In a number of his books, the late philosopher Robert Solomon described the dynamics of romantic love as a process of redefining the self. We have a particular identity, but when we meet that special person, we redefine who we are. Our hopes and dreams now encompass a partner and are encompassed by his or her dreams and hopes. Solomon thinks that this accounts for the confusion and disorientation, the palpitations and nausea that accompany the process we call “falling in love.” What scares us is not only the reality and near presence of another. What scares a couple is that each is becoming a new person. Each person’s life expands at least enough to include the other’s. Each is present to the other “in nearly all the horizons of everyday conduct.” This happens over time, in ongoing conversation, as the two lovers combine and integrate the separate conversations of which they had previously been a part into a single, unified conversation. It takes time, a lifetime, for one life to fully indwell another.
Sexual love is a desire to dwell in a person not only physically but emotionally and personally as well. It is a desire for the mutual indwelling of sexual union to become a figure of a life lived together as one complex entity, one story line, with a hero now joining the heroine.
It’s not just the two lovers that get redefined and reperceived. Because they are each entangled with others and with the world, when each is transformed by a unique mutuality with a lover, their world changes. The beloved gives new color to everything. The beach where they spent their honeymoon, the restaurant where he proposed, the moment of their first kiss or their first night in bed, every place they go together is sanctified by association with their love, and in their imaginations, each place is tinged by the beloved. The world is experienced afresh in the light of their mutual love.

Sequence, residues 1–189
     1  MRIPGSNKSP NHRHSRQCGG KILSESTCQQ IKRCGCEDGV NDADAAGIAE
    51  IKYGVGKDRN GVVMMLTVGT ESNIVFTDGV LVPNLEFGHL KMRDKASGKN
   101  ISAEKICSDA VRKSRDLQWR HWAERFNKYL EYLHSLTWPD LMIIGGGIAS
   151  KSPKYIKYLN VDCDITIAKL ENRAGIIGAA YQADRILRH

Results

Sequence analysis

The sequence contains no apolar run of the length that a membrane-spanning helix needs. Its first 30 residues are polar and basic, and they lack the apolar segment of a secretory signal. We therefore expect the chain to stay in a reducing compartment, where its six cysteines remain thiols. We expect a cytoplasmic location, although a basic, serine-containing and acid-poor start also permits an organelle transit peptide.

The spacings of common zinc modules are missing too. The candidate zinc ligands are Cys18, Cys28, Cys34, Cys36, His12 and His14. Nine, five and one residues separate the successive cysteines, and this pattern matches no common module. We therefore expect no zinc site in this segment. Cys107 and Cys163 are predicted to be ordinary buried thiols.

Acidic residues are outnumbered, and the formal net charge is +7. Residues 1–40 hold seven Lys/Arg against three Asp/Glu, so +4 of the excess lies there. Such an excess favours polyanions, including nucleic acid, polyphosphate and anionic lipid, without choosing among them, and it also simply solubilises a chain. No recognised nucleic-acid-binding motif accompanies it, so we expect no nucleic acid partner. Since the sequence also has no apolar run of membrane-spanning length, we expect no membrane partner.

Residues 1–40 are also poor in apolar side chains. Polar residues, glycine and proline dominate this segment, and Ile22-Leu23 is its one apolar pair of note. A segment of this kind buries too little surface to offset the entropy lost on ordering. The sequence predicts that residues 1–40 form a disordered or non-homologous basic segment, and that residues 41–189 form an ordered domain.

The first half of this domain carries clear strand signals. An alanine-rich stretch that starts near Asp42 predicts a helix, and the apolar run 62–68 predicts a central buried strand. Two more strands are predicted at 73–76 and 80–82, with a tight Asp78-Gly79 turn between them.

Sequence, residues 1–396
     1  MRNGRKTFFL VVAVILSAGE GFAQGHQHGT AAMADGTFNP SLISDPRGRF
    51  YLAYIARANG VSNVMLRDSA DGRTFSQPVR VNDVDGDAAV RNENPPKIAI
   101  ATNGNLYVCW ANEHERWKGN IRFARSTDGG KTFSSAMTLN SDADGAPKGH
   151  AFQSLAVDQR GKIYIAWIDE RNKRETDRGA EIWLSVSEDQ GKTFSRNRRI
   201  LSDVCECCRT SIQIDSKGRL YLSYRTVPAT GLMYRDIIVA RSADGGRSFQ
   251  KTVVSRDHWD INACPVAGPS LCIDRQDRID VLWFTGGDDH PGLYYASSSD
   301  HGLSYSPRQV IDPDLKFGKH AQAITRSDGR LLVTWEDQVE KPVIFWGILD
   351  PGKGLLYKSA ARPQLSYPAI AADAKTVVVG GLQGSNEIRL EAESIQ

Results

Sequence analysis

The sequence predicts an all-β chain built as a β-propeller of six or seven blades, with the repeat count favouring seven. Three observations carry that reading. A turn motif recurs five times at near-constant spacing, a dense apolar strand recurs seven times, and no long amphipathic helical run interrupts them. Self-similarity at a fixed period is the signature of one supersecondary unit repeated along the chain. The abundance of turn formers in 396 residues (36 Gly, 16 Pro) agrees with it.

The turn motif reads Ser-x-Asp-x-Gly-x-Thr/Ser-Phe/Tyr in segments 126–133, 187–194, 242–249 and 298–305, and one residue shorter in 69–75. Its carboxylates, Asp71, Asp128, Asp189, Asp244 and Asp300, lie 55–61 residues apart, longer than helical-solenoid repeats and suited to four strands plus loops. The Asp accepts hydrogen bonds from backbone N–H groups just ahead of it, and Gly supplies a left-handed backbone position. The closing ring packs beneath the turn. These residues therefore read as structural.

Robert Alter has noticed two sorts of romantic or erotic poetry. In much of the world’s erotic literature, “the body in the act of love often seems to displace the rest of the world.” The lover sweeps his beloved o+ her feet and out of her place, whisking her to a private world just for the two of them. The world is lost to lovers. In some romantic poetry—Alter is writing about the Song of Songs—”the world is constantly embraced in the very process of imagining the body. The natural landscape, the cycle of the seasons, the beauty of the animal and floral realm, the profusion of goods afforded through trade, the inventive skill of the artisan, the grandeur of cities, are all joyfully affirmed as love is affirmed.” Solomon is no courtly lover who abandons the world and all to chase after his bride. When he turns from the world to dwell in his beloved, he rediscovers his world in her.